US 5428544 A
A method and an apparatus for the transference of traffic information among vehicles and for assisting navigating the vehicles. The traffic information of the vehicles, such as the speed and the route and direction, is remotely transmitted to each other during passing, via communication devices mounted on each of the vehicles. The apparatus comprises sensors to detect the direction and the displacement of the vehicle; a microcomputer to recognize the position of the vehicle by referring the detected direction and displacement to a digitized map; a receiver to receive the passing vehicle's traffic information to be processed by the microcomputer; a transmitter to transmit the traffic information to the passing vehicle; and a navigation unit in the microcomputer to generate navigation information and indicate the traffic information of vehicles ahead is transmitted to a receiving vehicle in an indirect manner via a passing vehicle.
1. A system of communication between a first navigatable vehicle moving in a first direction and at least a second vehicle moving in a second direction; said system of communication comprising a communication device mounted on said first navigable vehicle and said second navigable vehicle, wherein said communication device comprising:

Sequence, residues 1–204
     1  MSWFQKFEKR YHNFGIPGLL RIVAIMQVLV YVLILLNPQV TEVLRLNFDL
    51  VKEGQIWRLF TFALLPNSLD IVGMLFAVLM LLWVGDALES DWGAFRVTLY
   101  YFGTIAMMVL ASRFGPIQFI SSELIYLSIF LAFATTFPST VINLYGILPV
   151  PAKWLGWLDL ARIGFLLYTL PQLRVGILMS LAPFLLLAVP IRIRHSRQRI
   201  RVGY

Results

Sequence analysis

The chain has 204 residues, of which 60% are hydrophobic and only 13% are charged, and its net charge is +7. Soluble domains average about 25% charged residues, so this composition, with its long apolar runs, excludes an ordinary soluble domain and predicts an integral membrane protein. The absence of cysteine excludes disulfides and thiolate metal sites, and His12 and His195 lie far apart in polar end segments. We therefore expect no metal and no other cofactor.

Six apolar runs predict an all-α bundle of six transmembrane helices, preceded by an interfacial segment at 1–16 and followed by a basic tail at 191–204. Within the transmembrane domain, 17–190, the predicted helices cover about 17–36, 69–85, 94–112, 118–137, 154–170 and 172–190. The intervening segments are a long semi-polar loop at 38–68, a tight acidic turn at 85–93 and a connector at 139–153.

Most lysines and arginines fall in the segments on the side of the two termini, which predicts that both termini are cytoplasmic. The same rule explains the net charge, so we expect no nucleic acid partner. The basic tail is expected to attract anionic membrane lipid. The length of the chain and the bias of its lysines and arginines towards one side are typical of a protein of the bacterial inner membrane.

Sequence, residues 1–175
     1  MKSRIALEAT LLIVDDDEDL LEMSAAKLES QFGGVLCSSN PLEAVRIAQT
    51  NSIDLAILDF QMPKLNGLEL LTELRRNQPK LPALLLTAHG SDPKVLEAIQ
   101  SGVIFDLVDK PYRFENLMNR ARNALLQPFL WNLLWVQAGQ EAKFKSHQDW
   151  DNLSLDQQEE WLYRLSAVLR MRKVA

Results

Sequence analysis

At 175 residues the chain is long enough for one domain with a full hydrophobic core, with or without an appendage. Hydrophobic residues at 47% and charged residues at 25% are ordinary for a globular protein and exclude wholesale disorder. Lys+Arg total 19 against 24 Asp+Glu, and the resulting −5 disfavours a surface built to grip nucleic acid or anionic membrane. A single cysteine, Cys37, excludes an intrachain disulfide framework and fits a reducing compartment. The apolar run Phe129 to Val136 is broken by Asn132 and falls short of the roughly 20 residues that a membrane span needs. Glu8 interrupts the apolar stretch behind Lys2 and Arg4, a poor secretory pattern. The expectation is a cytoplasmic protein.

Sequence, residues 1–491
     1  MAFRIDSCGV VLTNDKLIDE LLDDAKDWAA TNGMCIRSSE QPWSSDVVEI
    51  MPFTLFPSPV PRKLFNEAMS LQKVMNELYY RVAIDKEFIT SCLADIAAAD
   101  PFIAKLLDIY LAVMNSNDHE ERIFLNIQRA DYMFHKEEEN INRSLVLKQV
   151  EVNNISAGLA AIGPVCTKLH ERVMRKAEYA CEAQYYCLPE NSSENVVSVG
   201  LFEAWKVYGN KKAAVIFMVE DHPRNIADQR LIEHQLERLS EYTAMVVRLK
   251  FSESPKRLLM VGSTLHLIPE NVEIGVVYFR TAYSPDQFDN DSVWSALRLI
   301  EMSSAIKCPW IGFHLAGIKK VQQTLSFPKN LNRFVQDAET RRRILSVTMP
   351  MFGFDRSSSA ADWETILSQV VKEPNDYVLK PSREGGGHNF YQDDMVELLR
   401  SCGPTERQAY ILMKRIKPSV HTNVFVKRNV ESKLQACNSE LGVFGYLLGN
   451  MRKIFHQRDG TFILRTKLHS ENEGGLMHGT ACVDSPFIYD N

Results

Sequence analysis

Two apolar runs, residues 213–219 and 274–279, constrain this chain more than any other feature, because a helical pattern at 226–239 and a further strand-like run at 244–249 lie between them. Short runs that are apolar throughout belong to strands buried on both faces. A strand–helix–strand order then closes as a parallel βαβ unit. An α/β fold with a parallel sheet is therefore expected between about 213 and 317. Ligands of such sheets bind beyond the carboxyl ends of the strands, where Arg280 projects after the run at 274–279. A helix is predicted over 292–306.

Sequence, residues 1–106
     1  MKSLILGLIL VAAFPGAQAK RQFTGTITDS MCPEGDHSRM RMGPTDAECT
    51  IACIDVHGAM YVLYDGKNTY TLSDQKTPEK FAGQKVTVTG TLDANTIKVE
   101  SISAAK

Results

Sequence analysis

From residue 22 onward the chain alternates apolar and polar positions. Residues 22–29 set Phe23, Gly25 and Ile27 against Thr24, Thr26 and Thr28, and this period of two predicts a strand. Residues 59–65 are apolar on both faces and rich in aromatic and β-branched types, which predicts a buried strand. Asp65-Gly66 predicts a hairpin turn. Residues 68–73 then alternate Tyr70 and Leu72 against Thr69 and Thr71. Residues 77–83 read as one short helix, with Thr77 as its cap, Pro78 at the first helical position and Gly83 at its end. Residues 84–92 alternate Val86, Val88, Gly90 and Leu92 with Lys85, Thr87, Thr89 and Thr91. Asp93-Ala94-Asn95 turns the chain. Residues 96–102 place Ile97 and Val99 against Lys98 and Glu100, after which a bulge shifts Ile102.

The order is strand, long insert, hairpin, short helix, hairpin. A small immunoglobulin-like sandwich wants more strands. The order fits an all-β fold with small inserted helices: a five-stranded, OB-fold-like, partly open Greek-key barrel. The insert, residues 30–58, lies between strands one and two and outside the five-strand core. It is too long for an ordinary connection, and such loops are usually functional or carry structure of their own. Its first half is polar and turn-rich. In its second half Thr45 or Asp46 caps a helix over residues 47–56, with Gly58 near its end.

a speed sensor (2) and a direction sensor (3) for detecting a speed and direction, respectively, of said first navigatable vehicle;
a receiver (4) for receiving direction and speed signals transmitted from said second navigatable vehicle;
said receiver having a receiver output for transmitting an output containing receiver-generated signals related to the speed and direction of said second vehicle and those of other vehicles that are received by and transmitted from said second vehicle;
a decoder means (14) connected to said receiver output for decoding the receiver-generated speed and direction signals related to said second and other navigatable vehicles, said decoder means having first and second decoder outputs;